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MAP's not dead yet: Uncovering true language model modes by conditioning away degeneracy

Davis YoshidaKartik GoyalKevin Gimpel
Nov 2023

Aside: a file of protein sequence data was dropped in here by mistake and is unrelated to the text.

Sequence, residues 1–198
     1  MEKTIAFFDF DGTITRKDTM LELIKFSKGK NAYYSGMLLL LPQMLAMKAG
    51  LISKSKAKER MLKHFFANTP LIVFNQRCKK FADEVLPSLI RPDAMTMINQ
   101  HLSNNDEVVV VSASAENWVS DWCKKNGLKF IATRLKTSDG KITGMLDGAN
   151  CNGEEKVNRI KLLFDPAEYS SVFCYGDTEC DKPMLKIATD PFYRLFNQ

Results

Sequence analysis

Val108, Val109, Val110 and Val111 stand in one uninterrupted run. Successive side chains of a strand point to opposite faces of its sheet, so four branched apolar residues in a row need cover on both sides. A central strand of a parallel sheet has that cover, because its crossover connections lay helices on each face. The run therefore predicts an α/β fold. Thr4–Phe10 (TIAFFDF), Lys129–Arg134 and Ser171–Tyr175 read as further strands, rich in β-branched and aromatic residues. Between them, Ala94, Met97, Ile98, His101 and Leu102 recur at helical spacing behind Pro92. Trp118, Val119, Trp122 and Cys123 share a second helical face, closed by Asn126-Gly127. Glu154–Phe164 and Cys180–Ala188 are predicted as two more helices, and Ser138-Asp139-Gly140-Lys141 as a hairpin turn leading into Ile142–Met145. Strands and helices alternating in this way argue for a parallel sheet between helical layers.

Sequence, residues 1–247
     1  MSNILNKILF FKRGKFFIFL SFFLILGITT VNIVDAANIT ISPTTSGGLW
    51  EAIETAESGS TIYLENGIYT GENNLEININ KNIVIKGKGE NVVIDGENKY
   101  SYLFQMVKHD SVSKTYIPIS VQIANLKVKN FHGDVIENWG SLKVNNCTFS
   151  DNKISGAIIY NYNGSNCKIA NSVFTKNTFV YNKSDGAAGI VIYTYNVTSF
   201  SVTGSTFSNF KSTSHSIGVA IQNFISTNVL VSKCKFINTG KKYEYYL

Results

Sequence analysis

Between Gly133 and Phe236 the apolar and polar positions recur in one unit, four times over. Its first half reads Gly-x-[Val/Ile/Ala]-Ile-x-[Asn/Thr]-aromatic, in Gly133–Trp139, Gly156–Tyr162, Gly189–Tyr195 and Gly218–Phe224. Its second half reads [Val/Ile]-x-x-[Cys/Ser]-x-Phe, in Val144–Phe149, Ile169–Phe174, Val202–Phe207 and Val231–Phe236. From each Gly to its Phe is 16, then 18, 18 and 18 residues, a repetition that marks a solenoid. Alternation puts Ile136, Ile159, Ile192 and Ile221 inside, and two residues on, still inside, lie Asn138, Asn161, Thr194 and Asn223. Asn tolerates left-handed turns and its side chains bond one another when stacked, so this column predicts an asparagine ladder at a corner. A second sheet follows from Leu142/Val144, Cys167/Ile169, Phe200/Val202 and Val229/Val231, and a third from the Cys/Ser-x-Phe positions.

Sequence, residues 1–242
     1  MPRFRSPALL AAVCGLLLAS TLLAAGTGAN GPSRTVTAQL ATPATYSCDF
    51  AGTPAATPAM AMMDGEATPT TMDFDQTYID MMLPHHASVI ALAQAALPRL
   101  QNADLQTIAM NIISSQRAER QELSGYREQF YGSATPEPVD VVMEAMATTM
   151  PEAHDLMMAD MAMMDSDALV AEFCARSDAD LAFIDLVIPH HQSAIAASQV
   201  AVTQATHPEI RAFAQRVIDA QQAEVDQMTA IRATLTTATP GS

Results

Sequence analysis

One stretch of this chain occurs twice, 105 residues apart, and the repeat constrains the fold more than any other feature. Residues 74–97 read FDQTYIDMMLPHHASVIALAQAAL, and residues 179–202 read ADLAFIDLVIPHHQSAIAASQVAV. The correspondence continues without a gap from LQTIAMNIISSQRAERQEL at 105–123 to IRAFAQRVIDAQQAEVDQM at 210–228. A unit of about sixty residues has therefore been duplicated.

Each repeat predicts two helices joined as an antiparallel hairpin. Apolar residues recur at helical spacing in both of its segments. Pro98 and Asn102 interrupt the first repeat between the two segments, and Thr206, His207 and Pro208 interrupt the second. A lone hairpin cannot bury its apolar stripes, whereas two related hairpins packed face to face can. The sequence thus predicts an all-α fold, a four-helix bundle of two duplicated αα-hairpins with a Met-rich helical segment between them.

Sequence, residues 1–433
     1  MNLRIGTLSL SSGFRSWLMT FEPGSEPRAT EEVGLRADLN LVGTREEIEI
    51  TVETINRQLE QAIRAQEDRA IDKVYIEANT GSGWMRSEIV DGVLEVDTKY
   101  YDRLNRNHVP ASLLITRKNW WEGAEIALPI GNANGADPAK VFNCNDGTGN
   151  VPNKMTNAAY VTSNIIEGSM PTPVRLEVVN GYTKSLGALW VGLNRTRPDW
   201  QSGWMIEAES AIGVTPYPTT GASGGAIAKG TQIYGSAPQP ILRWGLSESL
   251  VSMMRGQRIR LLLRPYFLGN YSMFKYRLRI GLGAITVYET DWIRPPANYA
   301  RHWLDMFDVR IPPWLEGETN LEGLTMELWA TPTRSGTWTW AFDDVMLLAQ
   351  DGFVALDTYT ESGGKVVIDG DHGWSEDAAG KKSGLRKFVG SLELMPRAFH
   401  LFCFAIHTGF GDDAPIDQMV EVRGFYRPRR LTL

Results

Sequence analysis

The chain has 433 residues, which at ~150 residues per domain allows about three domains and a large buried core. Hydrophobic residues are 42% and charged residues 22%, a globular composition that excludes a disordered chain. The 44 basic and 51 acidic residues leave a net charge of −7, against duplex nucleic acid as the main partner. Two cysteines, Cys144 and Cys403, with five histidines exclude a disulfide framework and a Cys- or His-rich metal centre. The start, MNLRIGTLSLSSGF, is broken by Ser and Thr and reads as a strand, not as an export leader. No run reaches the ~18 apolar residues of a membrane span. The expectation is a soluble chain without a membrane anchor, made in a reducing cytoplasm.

It has been widely observed that exact or approximate MAP (mode-seeking) decoding from natural language generation (NLG) models consistently leads to degenerate outputs (Stahlberg and Byrne, 2019, Holtzman et al., 2019). This has generally been attributed to either a fundamental inadequacy of modes in models or weaknesses in language modeling. Contrastingly in this work, we emphasize that degenerate modes can even occur in the absence of any model error, due to contamination of the training data. Specifically, we show that mixing even a tiny amount of low-entropy noise with a population text distribution can cause the data distribution's mode to become degenerate, implying that any models trained on it will be as well. As the unconditional mode of NLG models will often be degenerate, we therefore propose to apply MAP decoding to the model's distribution conditional on avoiding specific degeneracies. Using exact-search, we empirically verify that the length-conditional modes of machine translation models and language models are indeed more fluent and topical than their unconditional modes. For the first time, we also share many examples of exact modal sequences from these models, and from several variants of the LLaMA-7B model. Notably, the modes of the LLaMA models are still degenerate, showing that improvements in modeling have not fixed this issue. Because of the cost of exact mode finding algorithms, we develop an approximate mode finding approach, ACBS, which finds sequences that are both high-likelihood and high-quality. We apply this approach to LLaMA-7B, a model which was not trained for instruction following, and find that we are able to elicit reasonable outputs without any finetuning.
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